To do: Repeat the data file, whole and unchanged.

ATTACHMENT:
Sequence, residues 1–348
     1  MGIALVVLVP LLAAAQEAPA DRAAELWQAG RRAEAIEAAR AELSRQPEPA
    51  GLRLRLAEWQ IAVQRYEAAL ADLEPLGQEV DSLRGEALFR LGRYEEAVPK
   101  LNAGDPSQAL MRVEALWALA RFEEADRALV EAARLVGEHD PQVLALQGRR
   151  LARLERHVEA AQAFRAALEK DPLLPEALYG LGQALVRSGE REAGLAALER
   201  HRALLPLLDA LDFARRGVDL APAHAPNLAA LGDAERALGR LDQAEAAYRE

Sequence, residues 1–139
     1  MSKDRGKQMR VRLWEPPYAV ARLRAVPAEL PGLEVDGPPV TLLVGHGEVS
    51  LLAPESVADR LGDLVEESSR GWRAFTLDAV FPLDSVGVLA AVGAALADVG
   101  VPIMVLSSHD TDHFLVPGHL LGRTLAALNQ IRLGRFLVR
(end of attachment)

Sequence, residues 1–348
     1  MGIALVVLVP LLAAAQEAPA DRAAELWQAG RRAEAIEAAR AELSRQPEPA
    51  GLRLRLAEWQ IAVQRYEAAL ADLEPLGQEV DSLRGEALFR LGRYEEAVPK
   101  LNAGDPSQAL MRVEALWALA RFEEADRALV EAARLVGEHD PQVLALQGRR
   151  LARLERHVEA AQAFRAALEK DPLLPEALYG LGQALVRSGE REAGLAALER
   201  HRALLPLLDA LDFARRGVDL APAHAPNLAA LGDAERALGR LDQAEAAYRE

Sequence, residues 1–139
     1  MSKDRGKQMR VRLWEPPYAV ARLRAVPAEL PGLEVDGPPV TLLVGHGEVS
    51  LLAPESVADR LGDLVEESSR GWRAFTLDAV FPLDSVGVLA AVGAALADVG
   101  VPIMVLSSHD TDHFLVPGHL LGRTLAALNQ IRLGRFLVR